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Independent medical reviews come at a price


Independent medical reviews have helped reduce unnecessary medical treatments for injured workers, but there is worry that costs could increase since the independent reviews are being requested more often than expected.

“The employer community has benefitted, but at a price for the cost of the review, which is not exactly cheap if it is just over a dispute over the declination ... of a prescription,” said Zachary Sacks, managing partner at Culver City, California, law firm Sacks & Zolonz L.L.P.

Under California workers comp reforms passed in 2012, injured workers can request independent medical reviews to dispute treatment that was modified or denied under utilization reviews, which employers and insurers request.

Such disputes previously were decided in court. Insurers and employers pay for independent medical reviews.

Independent medical reviews have largely upheld medical treatment decisions made in utilization reviews. Nearly 89% of independent medical reviews last year upheld utilization review decisions, the Oakland, California-based California Workers' Compensation Institute said in a February report.

“From a cost savings perspective, the indicators all point to a high likelihood that inappropriate care is consistently being denied” and the findings are being upheld, said Joseph Paduda, principal of Health Strategy Associates L.L.C., Madison, Connecticut.

But experts say the frequency of independent medical reviews is preventing the system from achieving its full cost-savings potential.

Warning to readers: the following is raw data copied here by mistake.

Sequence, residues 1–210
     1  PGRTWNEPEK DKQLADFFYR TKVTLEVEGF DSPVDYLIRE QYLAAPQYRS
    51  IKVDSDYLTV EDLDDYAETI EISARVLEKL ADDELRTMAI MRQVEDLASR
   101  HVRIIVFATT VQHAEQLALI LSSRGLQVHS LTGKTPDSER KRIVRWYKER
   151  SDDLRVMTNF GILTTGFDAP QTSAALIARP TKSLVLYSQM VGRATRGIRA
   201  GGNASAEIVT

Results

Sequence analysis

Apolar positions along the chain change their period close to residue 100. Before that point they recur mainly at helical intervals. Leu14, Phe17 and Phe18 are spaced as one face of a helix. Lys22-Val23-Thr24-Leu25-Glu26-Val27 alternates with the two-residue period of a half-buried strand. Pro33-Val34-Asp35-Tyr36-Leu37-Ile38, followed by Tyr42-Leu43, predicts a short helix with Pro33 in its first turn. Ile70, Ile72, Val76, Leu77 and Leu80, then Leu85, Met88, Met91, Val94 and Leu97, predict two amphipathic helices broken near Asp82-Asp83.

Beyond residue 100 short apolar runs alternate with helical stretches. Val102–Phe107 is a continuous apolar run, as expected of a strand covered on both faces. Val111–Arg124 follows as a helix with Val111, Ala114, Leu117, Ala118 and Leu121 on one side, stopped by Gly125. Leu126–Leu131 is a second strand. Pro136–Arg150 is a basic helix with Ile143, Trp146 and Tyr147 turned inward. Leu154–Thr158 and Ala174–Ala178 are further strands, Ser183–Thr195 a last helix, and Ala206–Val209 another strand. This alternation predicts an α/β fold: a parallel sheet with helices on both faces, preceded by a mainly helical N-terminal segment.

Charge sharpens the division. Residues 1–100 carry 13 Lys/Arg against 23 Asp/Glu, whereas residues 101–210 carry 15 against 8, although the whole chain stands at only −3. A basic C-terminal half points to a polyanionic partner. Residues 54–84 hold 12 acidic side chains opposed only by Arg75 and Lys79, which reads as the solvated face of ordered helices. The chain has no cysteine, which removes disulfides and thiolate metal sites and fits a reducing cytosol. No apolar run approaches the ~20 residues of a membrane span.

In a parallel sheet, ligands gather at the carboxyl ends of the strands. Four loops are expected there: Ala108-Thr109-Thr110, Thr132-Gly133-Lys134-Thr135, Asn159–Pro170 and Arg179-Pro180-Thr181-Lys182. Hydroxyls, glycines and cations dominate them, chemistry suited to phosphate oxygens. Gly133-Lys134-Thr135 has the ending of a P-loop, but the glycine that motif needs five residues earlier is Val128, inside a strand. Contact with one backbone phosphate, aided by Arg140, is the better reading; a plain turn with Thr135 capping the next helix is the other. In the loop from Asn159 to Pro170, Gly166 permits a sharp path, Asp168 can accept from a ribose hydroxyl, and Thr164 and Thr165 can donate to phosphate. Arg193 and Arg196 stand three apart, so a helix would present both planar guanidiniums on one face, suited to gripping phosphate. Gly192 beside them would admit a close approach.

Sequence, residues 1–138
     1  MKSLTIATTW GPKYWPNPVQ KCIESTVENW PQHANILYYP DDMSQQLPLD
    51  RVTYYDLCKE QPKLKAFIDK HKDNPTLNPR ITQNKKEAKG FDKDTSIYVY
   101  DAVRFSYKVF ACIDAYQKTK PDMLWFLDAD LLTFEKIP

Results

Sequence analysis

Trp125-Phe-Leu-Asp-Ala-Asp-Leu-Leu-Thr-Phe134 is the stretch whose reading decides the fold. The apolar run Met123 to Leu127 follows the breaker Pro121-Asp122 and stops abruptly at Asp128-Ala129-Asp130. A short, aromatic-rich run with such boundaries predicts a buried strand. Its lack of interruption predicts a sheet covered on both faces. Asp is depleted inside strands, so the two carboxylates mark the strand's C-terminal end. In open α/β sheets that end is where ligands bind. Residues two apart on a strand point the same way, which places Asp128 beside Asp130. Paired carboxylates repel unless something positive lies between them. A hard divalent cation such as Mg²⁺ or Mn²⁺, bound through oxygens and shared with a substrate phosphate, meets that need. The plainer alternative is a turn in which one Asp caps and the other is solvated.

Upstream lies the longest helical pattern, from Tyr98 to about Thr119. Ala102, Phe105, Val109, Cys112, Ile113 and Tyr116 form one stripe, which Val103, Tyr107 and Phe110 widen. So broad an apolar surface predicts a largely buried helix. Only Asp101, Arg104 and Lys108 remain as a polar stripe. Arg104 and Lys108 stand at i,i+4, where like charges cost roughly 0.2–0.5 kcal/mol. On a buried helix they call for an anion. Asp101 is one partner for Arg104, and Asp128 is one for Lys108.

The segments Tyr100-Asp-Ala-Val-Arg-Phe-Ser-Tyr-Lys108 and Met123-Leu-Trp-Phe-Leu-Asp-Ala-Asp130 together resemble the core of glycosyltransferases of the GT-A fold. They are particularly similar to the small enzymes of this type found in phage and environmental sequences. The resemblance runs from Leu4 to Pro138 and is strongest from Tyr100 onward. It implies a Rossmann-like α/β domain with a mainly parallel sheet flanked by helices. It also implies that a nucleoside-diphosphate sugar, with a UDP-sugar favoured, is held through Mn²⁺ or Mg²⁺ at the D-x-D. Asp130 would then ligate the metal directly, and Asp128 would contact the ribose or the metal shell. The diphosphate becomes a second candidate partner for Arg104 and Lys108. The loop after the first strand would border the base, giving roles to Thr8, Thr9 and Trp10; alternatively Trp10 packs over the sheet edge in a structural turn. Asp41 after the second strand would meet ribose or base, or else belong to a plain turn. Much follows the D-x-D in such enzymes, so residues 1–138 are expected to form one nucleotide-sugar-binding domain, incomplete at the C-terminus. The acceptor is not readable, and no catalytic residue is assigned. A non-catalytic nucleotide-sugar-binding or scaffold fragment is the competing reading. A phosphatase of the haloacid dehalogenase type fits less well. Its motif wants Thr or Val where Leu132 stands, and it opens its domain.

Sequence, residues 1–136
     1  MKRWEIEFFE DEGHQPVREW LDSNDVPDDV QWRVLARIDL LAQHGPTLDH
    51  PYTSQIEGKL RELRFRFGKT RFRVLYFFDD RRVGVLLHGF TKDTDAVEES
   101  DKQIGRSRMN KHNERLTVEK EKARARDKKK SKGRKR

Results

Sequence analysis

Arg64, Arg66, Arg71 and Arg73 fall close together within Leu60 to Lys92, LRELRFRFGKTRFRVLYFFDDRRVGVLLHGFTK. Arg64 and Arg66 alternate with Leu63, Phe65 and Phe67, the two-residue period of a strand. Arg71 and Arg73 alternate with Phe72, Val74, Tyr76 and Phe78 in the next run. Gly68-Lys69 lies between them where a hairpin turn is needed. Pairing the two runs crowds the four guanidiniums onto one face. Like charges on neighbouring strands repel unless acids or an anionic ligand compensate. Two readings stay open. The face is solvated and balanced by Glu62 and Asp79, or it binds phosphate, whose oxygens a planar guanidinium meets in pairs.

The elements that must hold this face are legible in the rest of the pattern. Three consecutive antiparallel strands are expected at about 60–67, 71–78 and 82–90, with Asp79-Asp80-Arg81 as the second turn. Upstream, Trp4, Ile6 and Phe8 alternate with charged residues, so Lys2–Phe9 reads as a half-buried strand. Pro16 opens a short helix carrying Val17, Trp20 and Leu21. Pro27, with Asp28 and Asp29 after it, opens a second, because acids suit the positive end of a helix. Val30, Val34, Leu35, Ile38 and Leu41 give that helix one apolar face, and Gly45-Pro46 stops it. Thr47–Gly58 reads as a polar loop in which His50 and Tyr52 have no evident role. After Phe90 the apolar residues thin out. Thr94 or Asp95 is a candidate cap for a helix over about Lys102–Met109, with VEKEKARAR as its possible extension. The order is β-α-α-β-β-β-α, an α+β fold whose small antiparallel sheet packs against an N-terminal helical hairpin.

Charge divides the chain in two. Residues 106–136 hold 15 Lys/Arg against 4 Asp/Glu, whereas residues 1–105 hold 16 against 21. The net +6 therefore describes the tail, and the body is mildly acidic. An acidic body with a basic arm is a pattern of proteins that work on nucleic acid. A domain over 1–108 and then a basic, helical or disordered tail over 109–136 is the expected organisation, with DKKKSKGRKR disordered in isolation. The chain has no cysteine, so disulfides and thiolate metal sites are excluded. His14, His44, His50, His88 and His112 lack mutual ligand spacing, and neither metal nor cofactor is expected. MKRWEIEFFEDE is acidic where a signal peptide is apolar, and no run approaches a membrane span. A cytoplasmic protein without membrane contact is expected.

“We're getting so many more IMR requests than were anticipated,” Mark Sektnan, president of the Sacramento-based Association of California Insurance Companies, said in an email.

The California Workers' Compensation Insurance Rating Bureau in Oakland said in a November report that the frequency of independent medical review requests through the third quarter of last year was “far above the levels initially projected.”

The CWCI said in February there were 163,826 independent medical review determinations in 2015, up nearly 19% from 2014.

Employers and insurers were expected to pay $60 million for independent medical reviews in 2015, with the fees expected to increase loss adjustment expenses by 2.4%, according to the WCIRB.

“It hasn't produced the savings in frictional costs as we were anticipating,” said Dave Bellusci, WCIRB executive vice president and chief actuary. “So while the hope was that some of the frictional costs would drop with ... the IMR process, we haven't seen that.”

William Zachry, vice president of risk management at grocery store chain Safeway Inc. in Pleasanton, California, who worked on the reform bill, said he views independent medical reviews favorably despite the costs to employers. That's because they appear to prevent doctors from using non-evidence-based practices to treat injured workers, he said.

The “overwhelming numbers are that it is working and is reducing the costs of the system through improved care for the injured workers,” Mr. Zachry said in an emailed statement.

Cost reductions over time?

Sources are hopeful the independent medical review process will reduce some comp costs in the long run.

The WCIRB said in November that independent medical reviews and other provisions of California's comp reforms produced $770 million in annual savings for the state's workers comp system so far.

“My strong belief is that the IMR, medical guidelines and (utilization review) processes will lead to a significant reduction in adverse medical events, extended disability and, therefore, costs to employers and the taxpayers,” Mr. Paduda said.

Still, Mr. Sacks said lawsuits in California courts questioning the constitutionality of independent medical reviews may hinder their projected cost savings.

“The battle is not yet over,” Mr. Sacks said.

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